When gas prices soared to a record high of over $5 a gallon in June, analysts and politicians quickly blamed the Russian invasion of Ukraine.
The Biden administration even called the rising fuel prices seen after the conflict “Putin’s price hike”. However, in the months since, gas prices have fallen by about 26%, even as the war continues to escalate.
Now researchers at an alternative wealth management platform called the ClockTower Group argue that the war in Russia is not the biggest risk to the recent price drop at the pump – Iraq is.
Marko Papic, the chief strategist for the ClockTower Group, notes that the US is trying to get Saudi Arabia to increase its oil production, while at the same time trying to improve relations with Iran after the Trump administration pulled out of the nuclear deal with Iran of 2015.
He argues that talking to both players – who are known opponents – will only exacerbate tensions between the two regional powers, which could ultimately lead to sectarian conflict in neighboring Iraq, the world’s fourth largest oil exporter. And if Iraq’s crude output is affected by this conflict, oil prices are sure to soar, with gas prices closely following.
“The real risk to the oil supply is tensions between Iran and Saudi Arabia, which are likely to increase dramatically as the US struggles to keep both sides happy,” Papic wrote in a Monday report, adding that “Washington is one over the other.” will have to choose.”
Bank of America’s commodities and derivatives strategist Francisco Blanch echoed Papic’s argument in a similar note Monday, writing that he sees prices of Brent crude, the international benchmark, averaging $100 a barrel by 2023 with ” output disruptions” in countries like Iraq. a significant upside risk.
A no-win scenario?
Papic believes the US is in a lose-lose scenario in the Middle East. He argues that if the US rejects Iran by accepting a deal with Saudi Arabia for more oil imports, it will force the country to retaliate in Iraq by backing militias to fuel violence in the region. He noted that this year alone, Iran has supported militias on four separate occasions that have fired missiles at oil refineries and hit buildings near the US consulate.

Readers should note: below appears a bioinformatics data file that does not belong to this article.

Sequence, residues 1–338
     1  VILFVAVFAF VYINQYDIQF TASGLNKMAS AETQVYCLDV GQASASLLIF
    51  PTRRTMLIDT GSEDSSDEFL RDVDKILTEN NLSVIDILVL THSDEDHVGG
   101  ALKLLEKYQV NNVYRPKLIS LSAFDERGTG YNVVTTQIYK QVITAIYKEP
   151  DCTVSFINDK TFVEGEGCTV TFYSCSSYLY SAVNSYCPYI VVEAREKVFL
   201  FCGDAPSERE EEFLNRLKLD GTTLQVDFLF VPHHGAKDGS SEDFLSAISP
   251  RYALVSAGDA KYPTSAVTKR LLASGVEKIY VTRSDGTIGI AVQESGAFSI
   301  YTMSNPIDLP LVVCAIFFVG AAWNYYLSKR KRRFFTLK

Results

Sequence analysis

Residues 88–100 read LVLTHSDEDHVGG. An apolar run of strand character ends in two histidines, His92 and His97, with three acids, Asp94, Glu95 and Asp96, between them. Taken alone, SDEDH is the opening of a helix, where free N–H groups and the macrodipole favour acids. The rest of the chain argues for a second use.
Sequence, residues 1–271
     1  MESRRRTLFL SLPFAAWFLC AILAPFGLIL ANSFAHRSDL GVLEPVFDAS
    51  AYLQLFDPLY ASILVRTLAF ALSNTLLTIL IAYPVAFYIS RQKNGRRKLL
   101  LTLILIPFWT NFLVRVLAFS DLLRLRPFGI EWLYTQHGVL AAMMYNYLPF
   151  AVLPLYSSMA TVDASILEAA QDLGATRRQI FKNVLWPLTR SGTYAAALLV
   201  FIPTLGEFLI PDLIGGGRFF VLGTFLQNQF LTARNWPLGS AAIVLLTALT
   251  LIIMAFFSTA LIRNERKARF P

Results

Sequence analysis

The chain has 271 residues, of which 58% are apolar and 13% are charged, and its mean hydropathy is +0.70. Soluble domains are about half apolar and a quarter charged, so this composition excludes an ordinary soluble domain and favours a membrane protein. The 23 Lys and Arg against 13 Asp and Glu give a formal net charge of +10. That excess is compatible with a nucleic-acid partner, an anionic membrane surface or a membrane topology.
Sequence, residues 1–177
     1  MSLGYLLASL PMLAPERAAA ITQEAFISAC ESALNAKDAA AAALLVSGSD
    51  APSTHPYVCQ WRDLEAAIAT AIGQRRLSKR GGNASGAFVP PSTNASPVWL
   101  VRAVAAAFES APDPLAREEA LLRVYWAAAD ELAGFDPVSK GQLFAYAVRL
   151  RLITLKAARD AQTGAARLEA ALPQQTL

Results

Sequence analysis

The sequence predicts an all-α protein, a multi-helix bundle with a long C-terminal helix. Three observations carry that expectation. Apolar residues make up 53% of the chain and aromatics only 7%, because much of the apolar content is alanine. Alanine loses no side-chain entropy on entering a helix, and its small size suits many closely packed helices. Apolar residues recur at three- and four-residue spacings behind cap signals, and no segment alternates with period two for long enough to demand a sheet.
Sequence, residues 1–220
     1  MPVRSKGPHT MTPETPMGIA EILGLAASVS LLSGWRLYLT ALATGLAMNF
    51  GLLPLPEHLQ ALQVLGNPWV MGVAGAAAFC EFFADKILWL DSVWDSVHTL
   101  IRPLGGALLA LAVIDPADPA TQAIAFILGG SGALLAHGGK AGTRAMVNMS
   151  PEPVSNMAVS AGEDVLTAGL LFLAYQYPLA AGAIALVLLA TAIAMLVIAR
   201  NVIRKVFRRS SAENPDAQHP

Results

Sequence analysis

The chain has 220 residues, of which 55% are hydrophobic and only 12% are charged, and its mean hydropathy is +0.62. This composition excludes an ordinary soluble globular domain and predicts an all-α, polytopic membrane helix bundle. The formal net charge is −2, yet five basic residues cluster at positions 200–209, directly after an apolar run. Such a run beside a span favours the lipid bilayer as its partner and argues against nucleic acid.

He also explained that Iraq has historically served as a “buffer state” between Iran and Saudi Arabia, adding that Iraq’s oil hub, Basra, has already been the scene of Shia-on-Shia violence between gunmen and Iraqis this year. . .
“Right now, most investors are focused on Ukraine’s offensive in Kherson and Kharkov as relevant to oil prices. It may still turn out to be so, given a possible menu of likely responses from Moscow,” Papic wrote. “However, the biggest risk to global oil supplies could be the Shiite conflict in Iraq… if the nuclear deal negotiations failed.”
Negotiations on a nuclear deal with Iran are difficult and unlikely to be resolved anytime soon.
At the same time, if the US strikes a deal with Iran, the world’s second largest exporter of crude oil, Saudi Arabia, will “no doubt be angry,” Papic added. This puts the Biden administration in a damn-if-you-do, damn-if-you-don’t scenario.
“Our fear is that whatever choice the US makes, the backlash will somehow end on Iraq’s doorstep,” Papic argued. “Two regional powers fighting it out in a ‘buffer state’ normally wouldn’t be something for investors to worry about. But this buffer happens to be the fourth largest exporter of crude oil in the world.”
Papic claimed that tensions between Iran and Saudi Arabia mean that “Iraqi domestic politics will take on excessive global importance in the coming months”.
“A civil war in the world’s fourth largest oil-exporting country would certainly add to the already ample geopolitical risk premium in oil prices,” he added.
While Papic didn’t predict where oil or gas prices should move, he did argue that betting against oil to make a quick profit no longer seems a viable option for investors.
“For the time being, we cannot estimate how this will play out in the markets. But with Brent [crude oil] prices are already 26% below their June high, the easy gains in the short oil trade have been made possible,” he wrote.
This story was originally on Fortune.com